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Thread: Second regiment scottish horse John McColl

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    Registered User Ranald's Avatar
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    Default Re: Second regiment scottish horse John McColl

    Not sure if there was supposed to be more to the post above, but here's the tune, a pipe march, on cittern. The second one piece, Fr. J.A. Rankin, is a Cape Breton fiddle tune. If the links don't work, search YouTube for "Second Regiment Scottish Horse / Father John Angus Rankin / Kay Girroir".

    https://www.youtube.com/watch?v=SZkO...l=TuckamoreDew

    Robert Johnson's mother, describing blues musicians:
    "I never did have no trouble with him until he got big enough to be round with bigger boys and off from home. Then he used to follow all these harp blowers, mandoleen (sic) and guitar players."
    Lomax, Alan, The Land where The Blues Began, NY: Pantheon, 1993, p.14.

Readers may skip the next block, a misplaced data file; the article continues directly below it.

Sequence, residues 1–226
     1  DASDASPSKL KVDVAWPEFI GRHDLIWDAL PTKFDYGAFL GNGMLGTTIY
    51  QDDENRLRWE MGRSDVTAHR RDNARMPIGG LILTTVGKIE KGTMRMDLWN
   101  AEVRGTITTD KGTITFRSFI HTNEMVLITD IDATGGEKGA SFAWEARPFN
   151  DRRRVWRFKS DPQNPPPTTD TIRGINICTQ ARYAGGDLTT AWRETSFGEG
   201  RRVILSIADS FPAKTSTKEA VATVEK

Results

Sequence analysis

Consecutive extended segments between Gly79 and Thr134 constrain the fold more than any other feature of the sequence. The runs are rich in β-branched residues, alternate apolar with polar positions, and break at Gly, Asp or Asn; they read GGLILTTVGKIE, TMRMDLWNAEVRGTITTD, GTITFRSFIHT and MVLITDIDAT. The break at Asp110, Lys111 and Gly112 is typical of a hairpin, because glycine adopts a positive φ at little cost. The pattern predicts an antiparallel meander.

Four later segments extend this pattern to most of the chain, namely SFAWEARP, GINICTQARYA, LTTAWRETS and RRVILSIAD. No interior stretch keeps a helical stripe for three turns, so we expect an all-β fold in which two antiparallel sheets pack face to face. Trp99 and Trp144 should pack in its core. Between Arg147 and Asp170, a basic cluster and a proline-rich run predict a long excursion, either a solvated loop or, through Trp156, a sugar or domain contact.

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    Registered User John Kelly's Avatar
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    Default Re: Second regiment scottish horse John McColl

    A fine set, Ranald, especially the Scottish Horse!
    I'm playing all the right notes, but not necessarily in the right order. - Eric Morecambe

    http://www.youtube.com/user/TheOldBores

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    Registered User Ranald's Avatar
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    Default Re: Second regiment scottish horse John McColl

    Quote Originally Posted by John Kelly View Post
    A fine set, Ranald, especially the Scottish Horse!
    A fine set indeed, but, just to be clear, that's not me playing (I don't know a cittern from a cistern), despite any resemble to my avatar picture.
    Last edited by Ranald; Nov-25-2021 at 9:40pm.
    Robert Johnson's mother, describing blues musicians:
    "I never did have no trouble with him until he got big enough to be round with bigger boys and off from home. Then he used to follow all these harp blowers, mandoleen (sic) and guitar players."